I Cook, He Does the Dishes: art and open relationships - Drew Rowsome - MyGayToronto
I Cook, He Does the Dishes: art and open relationships 23 March 2018
by Drew Rowsome -Production photos by Haley Garnett Photography
At this point in his career, Sky Gilbert really has no fucks to give. Well not exactly. As we know from his work he still loves to fuck in the carnal sense, and he is quite happy to fuck with an audience's expectations. I Cook, He Does the Dishes is Gilbert stretching at the boundaries of theatre and performance and also just fucking around.
I Cook, He Does the Dishes uses the relationship between the composer/musician John Cage and choreographer/dancer Merce Cunningham. As Gilbert asserts, Cage and Cunningham were key to not only the creation of the avant garde but also the concept of conceptual art. Gilbert is particularly fascinated by Cage's insistence that art should not manipulate emotions or necessarily have meaning. Fascinated but also in disagreement.
Even a vague knowledge of Cage and Cunningham's work is a help - I had to google the chess reference that was naggingly familiar and when I did, I Cook, He Does the Dishes offered a fascinating facet - and the artistic and intellectual references fly fast and furiously, frequently satirically. Notably there is a section where the space - configured in the round, fourth wall-free and immersive - is transformed through very simple and clever means into the bushes at night where Cage liked to cruise for sex. The set and sound design, and a bit of hardcore porn, bring the erotic appeal and sensations of the hunt to vivid life. It is magical, haunting and hot.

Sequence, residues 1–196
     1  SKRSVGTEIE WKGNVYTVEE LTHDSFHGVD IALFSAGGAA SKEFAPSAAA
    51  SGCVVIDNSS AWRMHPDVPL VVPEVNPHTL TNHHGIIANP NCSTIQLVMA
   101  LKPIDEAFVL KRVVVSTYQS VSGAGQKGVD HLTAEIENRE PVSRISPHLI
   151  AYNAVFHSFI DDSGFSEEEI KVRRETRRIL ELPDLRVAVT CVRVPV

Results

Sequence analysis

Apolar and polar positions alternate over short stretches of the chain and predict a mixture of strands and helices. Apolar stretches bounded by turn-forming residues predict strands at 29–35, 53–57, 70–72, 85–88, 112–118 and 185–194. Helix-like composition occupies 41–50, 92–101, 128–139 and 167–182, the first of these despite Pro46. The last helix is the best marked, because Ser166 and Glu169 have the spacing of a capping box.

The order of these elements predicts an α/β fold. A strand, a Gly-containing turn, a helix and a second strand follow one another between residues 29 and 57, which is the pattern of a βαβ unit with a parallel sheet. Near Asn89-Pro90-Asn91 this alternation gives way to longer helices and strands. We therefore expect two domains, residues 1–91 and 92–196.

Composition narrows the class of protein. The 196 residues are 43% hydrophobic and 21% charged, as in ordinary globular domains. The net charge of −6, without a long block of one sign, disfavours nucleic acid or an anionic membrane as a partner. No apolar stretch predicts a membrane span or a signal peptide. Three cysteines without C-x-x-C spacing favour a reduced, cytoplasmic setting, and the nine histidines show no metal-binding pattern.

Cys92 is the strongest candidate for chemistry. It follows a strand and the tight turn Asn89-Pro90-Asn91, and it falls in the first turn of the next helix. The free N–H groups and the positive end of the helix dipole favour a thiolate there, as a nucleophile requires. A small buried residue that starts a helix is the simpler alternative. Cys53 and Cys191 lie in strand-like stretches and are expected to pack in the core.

Shawn DeSouza-Coelho is an intense and compelling Cage. He lectures, struts, performs Satie admirably, and is fearlessly naked both physically and emotionally. Aldrin Bundoc as Cunningham, as well as many other roles, is equally intense, uninhibited and erotically comic. Claire Burns (The Baby) has some heavy lifting to do as the actor given both an Emma Goldman speech espousing Gilbert/Cage's non-monogamy theory and the ex-wife in the triangle who argues for monogamy. She switches emotions and tactics with a simple spin of her stilettos.
Lyon Smith (An Enemy of the People) pops in and out and one of his characters, Harry Hay, had to be googled as well to discover what Hay's connection to Cage was. Again, once discovered, it added immeasurably to the experience, though of course the googling occurred after the play was over. Smith is also responsible for the soundscape that not only quotes from Cage, but veers off in some comical and wonderful directions. There are a lot of demands placed on the cast as they, at various times, play dramatic scenes realistically, clown outrageously, recreate a Marx Brothers routine, and because Cunningham was a dancer, execute choreography. All at a relentless pitch. A pitch they sustain.
There are so many ideas, references and stylistic shifts in I Cook, He Does the Dishes, that it is a bit overwhelming. And not as coherent as it could be. It could be that Gilbert is stretching. Or maybe just trying to cram a lot of thoughts into one piece of performance art/theatre. But most likely he is taking Cage's thesis to heart and is demanding that we experience his art on its own terms without expectation of emotional reaction or meaning. But he can't resist adding his "didactic" "point of view." And that makes it a Gilbert play, as avant garde and challenging as a Cage or Cunningham piece.
I Cook, He Does the Dishes continues until Sun, April 1 at The Theatre Centre, 1115 Queen St W. theatrecentre.org